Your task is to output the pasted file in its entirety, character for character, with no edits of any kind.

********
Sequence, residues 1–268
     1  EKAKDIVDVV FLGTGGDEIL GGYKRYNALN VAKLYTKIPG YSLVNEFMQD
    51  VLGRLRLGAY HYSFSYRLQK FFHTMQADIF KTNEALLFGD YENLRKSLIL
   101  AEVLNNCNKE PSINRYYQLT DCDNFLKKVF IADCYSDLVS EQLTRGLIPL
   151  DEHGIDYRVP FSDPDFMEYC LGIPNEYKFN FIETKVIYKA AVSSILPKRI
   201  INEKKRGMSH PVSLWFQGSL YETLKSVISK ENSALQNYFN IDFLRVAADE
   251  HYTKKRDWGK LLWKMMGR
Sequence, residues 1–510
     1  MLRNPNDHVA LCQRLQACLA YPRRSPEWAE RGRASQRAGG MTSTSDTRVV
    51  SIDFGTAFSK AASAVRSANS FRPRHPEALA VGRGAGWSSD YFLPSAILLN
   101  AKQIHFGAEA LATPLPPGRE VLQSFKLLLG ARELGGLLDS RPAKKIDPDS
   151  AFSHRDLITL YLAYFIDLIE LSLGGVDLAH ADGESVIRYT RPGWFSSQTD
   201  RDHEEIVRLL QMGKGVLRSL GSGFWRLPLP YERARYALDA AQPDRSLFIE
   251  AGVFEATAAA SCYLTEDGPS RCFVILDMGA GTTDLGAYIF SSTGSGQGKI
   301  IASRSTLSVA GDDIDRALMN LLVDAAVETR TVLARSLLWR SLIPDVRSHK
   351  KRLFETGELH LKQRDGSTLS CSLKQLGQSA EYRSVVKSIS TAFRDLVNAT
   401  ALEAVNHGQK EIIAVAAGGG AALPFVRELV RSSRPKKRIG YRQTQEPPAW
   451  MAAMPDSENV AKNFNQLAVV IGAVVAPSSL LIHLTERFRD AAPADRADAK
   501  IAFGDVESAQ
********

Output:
Sequence, residues 1–268
     1  EKAKDIVDVV FLGTGGDEIL GGYKRYNALN VAKLYTKIPG YSLVNEFMQD
    51  VLGRLRLGAY HYSFSYRLQK FFHTMQADIF KTNEALLFGD YENLRKSLIL
   101  AEVLNNCNKE PSINRYYQLT DCDNFLKKVF IADCYSDLVS EQLTRGLIPL
   151  DEHGIDYRVP FSDPDFMEYC LGIPNEYKFN FIETKVIYKA AVSSILPKRI
   201  INEKKRGMSH PVSLWFQGSL YETLKSVISK ENSALQNYFN IDFLRVAADE
   251  HYTKKRDWGK LLWKMMGR
Sequence, residues 1–510
     1  MLRNPNDHVA LCQRLQACLA YPRRSPEWAE RGRASQRAGG MTSTSDTRVV
    51  SIDFGTAFSK AASAVRSANS FRPRHPEALA VGRGAGWSSD YFLPSAILLN
   101  AKQIHFGAEA LATPLPPGRE VLQSFKLLLG ARELGGLLDS RPAKKIDPDS
   151  AFSHRDLITL YLAYFIDLIE LSLGGVDLAH ADGESVIRYT RPGWFSSQTD
   201  RDHEEIVRLL QMGKGVLRSL GSGFWRLPLP YERARYALDA AQPDRSLFIE
   251  AGVFEATAAA SCYLTEDGPS RCFVILDMGA GTTDLGAYIF SSTGSGQGKI
   301  IASRSTLSVA GDDIDRALMN LLVDAAVETR TVLARSLLWR SLIPDVRSHK
   351  KRLFETGELH LKQRDGSTLS CSLKQLGQSA EYRSVVKSIS TAFRDLVNAT
   401  ALEAVNHGQK EIIAVAAGGG AALPFVRELV RSSRPKKRIG YRQTQEPPAW
   451  MAAMPDSENV AKNFNQLAVV IGAVVAPSSL LIHLTERFRD AAPADRADAK
   501  IAFGDVESAQ